What numerous school grads do not find out about their first job provide

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Throughout our student lives, we work hard to get a good education that will lead us to a solid job and a fruitful career. But we’re not prepared for what happens after graduation – tasks like looking for a home, getting that first job, and paying rent and other bills.

You can’t just take the first job offer and assume that everything will work out. It’s important to find the right job that pays enough to allow you to afford your rent and bills – and also has enough left over to spend and save money. And what many college graduates don’t know is that you can and should negotiate your first salary.

“I think a lot of students are more worried about a job than simply taking the first offer,” said Anna Berrios, a licensed professional advisor with Buckeye Careers, Ohio State University.

According to Personal Finance site nerdwallet, only 38% of new graduates negotiate with their employer when they get their first job offer. But now, most employers actually expect to negotiate salaries – even for a first job – so they build that in. That said, if you don’t even try, you could be leaving money on the table!

Mattathia Komla, a current MBA candidate at the Gabelli School of Business at Fordham, said she was just happy to get a job after graduating with her bachelor’s degree.

Mattathia Komla, a current MBA candidate at the Gabelli School of Business in Fordham

Source: Koami Dzidzonu

“I didn’t even know what a typical starting salary is,” said Komla. “I was naive that I could negotiate my salary.”

She assumed that since she had little experience, she had no way of refusing or negotiating the offer. So she decided on an offer that was way below her question.

The wage gap

Everyone should negotiate their wages, but it is even more important that women stand up for themselves considering the wage gap.

According to PayScale’s State of the Gender Pay Gap 2021 report, women make 82 cents for every dollar a man makes. For women of color, that number drops to around 75 cents.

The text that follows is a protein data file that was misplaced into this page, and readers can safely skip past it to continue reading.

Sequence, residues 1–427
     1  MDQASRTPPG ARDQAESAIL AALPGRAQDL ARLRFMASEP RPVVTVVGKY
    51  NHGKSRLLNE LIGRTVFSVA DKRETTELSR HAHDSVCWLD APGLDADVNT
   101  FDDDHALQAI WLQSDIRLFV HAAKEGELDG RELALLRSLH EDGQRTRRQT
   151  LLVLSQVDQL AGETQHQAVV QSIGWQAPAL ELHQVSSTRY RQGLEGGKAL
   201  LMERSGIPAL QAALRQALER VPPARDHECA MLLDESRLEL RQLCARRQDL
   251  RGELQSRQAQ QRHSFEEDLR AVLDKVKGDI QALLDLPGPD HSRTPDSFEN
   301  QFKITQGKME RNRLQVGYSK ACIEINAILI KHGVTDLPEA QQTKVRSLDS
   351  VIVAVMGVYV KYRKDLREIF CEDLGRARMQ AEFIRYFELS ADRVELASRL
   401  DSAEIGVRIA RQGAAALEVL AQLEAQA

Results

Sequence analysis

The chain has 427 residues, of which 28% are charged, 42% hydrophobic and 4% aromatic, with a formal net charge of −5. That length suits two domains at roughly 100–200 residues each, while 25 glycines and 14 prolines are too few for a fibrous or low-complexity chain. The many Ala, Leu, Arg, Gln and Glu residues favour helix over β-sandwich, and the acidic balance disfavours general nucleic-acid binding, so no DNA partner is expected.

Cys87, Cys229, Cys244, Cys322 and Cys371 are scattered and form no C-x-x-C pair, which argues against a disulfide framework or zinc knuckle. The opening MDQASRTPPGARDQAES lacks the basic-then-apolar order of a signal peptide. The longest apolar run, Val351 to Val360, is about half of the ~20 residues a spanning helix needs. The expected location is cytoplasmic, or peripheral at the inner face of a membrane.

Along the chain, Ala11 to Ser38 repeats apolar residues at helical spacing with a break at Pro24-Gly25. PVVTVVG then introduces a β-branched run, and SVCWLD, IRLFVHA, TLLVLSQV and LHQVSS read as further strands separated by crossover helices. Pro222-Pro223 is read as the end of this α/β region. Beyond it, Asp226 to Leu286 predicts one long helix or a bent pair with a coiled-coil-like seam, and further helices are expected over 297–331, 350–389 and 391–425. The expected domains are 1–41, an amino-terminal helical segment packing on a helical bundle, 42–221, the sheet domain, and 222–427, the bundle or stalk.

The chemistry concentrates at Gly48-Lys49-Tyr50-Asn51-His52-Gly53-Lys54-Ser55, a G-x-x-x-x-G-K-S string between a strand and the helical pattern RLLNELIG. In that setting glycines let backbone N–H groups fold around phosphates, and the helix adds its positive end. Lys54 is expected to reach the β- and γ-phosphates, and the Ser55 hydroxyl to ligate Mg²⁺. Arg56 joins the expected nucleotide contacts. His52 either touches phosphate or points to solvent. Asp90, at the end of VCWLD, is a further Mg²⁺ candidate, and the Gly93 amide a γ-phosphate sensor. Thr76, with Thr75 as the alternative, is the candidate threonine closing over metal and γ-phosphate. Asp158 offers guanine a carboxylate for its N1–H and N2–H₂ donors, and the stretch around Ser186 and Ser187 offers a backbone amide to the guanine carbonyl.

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“Some women feel uncomfortable talking about salary and are reluctant to ask for more,” Berrios said.

It certainly doesn’t help that many of us haven’t had finance discussions at school or at home.

And Berrios adds – cultural conditioning and stereotypes could play a role. Some women may worry about appearing pushy or rude when asking for more – something most men don’t have to think about.

“Instead, all women – especially marginalized women – need to value themselves and be confident in communicating their worth,” said Berrios.

The pay gap has received a lot of attention in recent years and we are finally starting to see some progress.

“Women bargain more than they have in the past, even though men continue to bargain for higher wages,” affirmed Gloria L. Blackwell, vice president of scholarships and programs for the American Association of University Women. “Women are increasingly negotiating, especially younger women,” between the ages of 18 and 34, she said, citing a study by global recruitment agency Robert Half.

Know your worth

Now you can’t just come around and ask for more money than they are offering just because you know you are statistically likely to make less. You need to do your research and get in armed with what you are worth.

First step: Know the starting salary in your area.

Berrios advises students to always look for vacancies and stresses the importance of building personal networks by talking to other job seekers, reading business publications, and taking advantage of job vacancies. You can learn a lot about salaries by speaking to people and browsing job vacancies on a regular basis. And of course there are special tools on job boards like PayScale and Glassdoor that you can use to determine salary ranges for jobs in your area.

Tiona Ryan, a student at the University of Kentucky who graduated this December, was well aware of the pay gap and knew she would be more disadvantaged.